Welcome to the refreshed Bluebird Banter! To celebrate the new look and feel of our sports communities, we’re sharing stories of how and why we became fans of our favourite teams. If you’d like to do the same, head over to the FanPosts [link here] to begin. We’re collecting all of the stories here [https://www.sbnation.com/why-we-are-fans] Come Fan With Us!
In sitting here in front of my laptop trying to recall just what it was that went through a seven-year old me’s mind that made him choose to become a Toronto Blue Jays fan, I find myself recalling my favourite childhood sports movies.
Little Big League (1994), Rookie of the Year (1993), Angels in the Outfield (1994), to name only a few.
In them, the main character has some kind of deep rooted reason for becoming a fan of the team in the movie.
Whether it be his deadbeat father who promised to return if a bad team won the pennant. Maybe it was his childhood home team and his father, whom he’d never met, was a great baseball. Perhaps his dear old grandfather owned the team and he’d spent his younger years in the clubhouse and owners booth.
Whatever the reason, it was neat, tidy, and integral to the plot of the film and the character.
As I think back at the inception of my fandom, I can’t help but remember it in much the same way.
Imagine yourself, a seven year old ginger boy in Canada, watching your first ever baseball game.
The snow falls softly to the earth outside your window as you witness a stranger on television, a man you’d never heard of before though would himself become an important, almost myth-like figure to you and millions of others like you, step to the plate.
That man. Joe Carter.
Now, I don’t actually know if it was snowing. But, like a movie, if it’s set in Canada it tends to be snowing. How else would you know it’s set in Canada, after all.
It’s October 23rd, 1993 and the clock reads (roughly) 11:30pm. You sit in the living room with your mom, her baseball crazy friend, and Joe.
Your mother let you stay up much later than normal. That alone might tell you it’s a special night, even if you don’t entirely understand why. It felt different. It was palpable in a way you couldn’t explain.
And in remembering this moment, I sometimes wonder just how much he, I, understood. If somewhere in that child’s underdeveloped brain he could wrap his head around the importance of it, or if time and hindsight has changed my perception of that night.
I also sometimes wonder for that matter if that child had any idea that he would go on to spend most of his formative years watching his team lose, never quite bringing him the same joy he found in 1993.
But, I digress.
As Mitch Williams delivers the fateful pitch, as Carter pulls it down the left field line, as the ball disappears, as the fans erupt in unbridled joy, the world shifts. At least yours does.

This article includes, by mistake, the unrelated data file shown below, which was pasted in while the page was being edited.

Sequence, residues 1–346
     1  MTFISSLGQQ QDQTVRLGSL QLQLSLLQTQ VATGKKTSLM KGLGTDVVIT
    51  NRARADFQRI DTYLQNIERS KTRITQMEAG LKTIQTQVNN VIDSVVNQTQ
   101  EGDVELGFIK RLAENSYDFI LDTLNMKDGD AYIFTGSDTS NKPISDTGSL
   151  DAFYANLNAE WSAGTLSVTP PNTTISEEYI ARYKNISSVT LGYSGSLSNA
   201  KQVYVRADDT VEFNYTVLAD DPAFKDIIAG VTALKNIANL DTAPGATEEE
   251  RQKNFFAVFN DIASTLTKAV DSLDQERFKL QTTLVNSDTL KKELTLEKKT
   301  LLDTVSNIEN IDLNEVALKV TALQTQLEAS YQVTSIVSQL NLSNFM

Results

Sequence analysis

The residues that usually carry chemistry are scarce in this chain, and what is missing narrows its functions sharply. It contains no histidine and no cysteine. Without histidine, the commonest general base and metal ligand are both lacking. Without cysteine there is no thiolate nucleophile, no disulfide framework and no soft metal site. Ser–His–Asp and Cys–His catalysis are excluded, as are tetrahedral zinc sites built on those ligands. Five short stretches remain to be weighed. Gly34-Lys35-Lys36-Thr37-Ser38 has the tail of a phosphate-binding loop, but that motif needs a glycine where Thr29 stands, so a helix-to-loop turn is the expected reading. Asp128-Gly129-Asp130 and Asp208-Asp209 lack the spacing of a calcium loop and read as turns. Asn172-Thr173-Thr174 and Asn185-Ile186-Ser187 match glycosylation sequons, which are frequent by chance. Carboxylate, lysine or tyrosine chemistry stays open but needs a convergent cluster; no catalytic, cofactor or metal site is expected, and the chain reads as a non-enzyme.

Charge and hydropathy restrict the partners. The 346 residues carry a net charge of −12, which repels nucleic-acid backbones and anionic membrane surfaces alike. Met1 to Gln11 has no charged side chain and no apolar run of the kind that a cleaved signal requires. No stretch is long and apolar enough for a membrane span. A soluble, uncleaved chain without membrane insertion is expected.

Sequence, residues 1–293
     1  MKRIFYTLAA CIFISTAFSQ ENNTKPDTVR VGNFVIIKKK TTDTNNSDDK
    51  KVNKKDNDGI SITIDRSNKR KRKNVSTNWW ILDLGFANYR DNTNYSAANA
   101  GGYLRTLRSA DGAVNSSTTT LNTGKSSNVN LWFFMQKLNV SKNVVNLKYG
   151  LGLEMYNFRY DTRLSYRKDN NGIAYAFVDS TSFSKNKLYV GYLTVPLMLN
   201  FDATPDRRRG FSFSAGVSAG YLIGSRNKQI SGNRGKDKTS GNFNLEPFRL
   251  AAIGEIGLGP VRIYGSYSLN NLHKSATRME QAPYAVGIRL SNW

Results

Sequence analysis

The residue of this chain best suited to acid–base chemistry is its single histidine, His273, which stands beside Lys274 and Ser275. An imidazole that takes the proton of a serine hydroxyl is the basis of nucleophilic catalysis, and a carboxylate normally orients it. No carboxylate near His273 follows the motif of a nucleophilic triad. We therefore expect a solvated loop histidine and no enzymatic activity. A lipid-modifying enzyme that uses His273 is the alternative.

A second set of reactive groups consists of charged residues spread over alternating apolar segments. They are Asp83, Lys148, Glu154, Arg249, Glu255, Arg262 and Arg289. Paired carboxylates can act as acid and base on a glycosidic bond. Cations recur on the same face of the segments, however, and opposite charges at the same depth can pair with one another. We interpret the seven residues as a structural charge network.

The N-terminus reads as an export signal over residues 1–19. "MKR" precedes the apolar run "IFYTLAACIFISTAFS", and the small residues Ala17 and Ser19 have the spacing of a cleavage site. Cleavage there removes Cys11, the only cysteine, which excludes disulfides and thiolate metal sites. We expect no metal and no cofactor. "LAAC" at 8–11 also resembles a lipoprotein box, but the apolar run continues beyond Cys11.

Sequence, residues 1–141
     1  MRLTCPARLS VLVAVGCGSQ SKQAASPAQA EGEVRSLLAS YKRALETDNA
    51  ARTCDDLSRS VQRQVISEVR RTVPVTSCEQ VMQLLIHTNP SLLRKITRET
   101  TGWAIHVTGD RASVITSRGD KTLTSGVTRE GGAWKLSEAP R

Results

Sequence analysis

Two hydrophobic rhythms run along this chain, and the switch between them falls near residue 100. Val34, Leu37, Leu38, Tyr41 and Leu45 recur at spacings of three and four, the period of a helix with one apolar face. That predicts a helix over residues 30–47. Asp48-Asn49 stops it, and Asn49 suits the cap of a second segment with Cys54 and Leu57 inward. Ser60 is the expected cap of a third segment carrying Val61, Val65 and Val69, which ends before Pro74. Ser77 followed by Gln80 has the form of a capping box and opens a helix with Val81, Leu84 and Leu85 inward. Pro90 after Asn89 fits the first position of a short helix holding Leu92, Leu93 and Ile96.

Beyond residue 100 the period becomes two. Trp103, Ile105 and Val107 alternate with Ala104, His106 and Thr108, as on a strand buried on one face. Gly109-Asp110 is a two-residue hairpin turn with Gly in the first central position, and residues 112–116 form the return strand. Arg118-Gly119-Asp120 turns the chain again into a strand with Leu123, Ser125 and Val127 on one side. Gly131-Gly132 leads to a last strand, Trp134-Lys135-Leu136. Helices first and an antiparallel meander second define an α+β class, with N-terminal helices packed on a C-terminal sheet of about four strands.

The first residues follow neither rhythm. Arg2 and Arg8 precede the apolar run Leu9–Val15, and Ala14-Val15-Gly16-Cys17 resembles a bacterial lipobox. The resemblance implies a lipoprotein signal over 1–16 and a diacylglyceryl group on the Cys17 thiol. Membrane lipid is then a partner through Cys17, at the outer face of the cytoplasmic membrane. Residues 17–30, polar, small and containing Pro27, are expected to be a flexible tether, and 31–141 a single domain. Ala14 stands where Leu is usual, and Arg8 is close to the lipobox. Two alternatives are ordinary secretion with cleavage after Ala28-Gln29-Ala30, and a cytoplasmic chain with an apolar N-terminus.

Your mom’s friend cheers. Skips up and down the hallway from the living room. You can hear car horns honk loudly from the street outside in the previously silent night. People you’ve never met, but are forever connected to through shared experience scream out in celebration from the blackness.
Your heart is racing, though you still aren’t entirely sure why. To this point you’d been cheering for the team you were told to cheer for. The blue one. The Canadian one. But, that’s sort of the beauty of sports. It has the power to sweep you away, even if you don’t understand why or how it is happening.
After that ball fell over the wall for the game winning, series winning homerun, you were no longer cheering for some team. Not the blue one, or the Canadian. You were cheering for your team. Because, in that moment where the Jays won their second of back-to-back World Series’, your fandom had begun.
I think we can forgive him the bandwagon of it all considering, as mentioned, he was seven. And had some 22-years of misery ahead of him. We can give him this one.
That is my story. At least the way I remember it.
One moment. One pitch. One crack of the bat. My world was changed.
As I’ve grown up I’ve come to realize how we romanticize our past in much the way that movies show the idyllic, perfectly worded version of the scene.
It’s all more epic, and beautiful than it could ever have really been in reality.
But, that’s how I remember it.
I’m a fan of the Blue Jays because when I was seven my mother let me stay up late, watch Joe Carter hit a homerun, and in that moment my world changed. Even if I couldn’t understand why or how at the time.
I am a Blue Jays fan because... I was never going to be anything else. It was integral to the plot of my movie.
How about all of you, BBB Nation? What’s your story. Why are you a fan of the Toronto Blue Jays?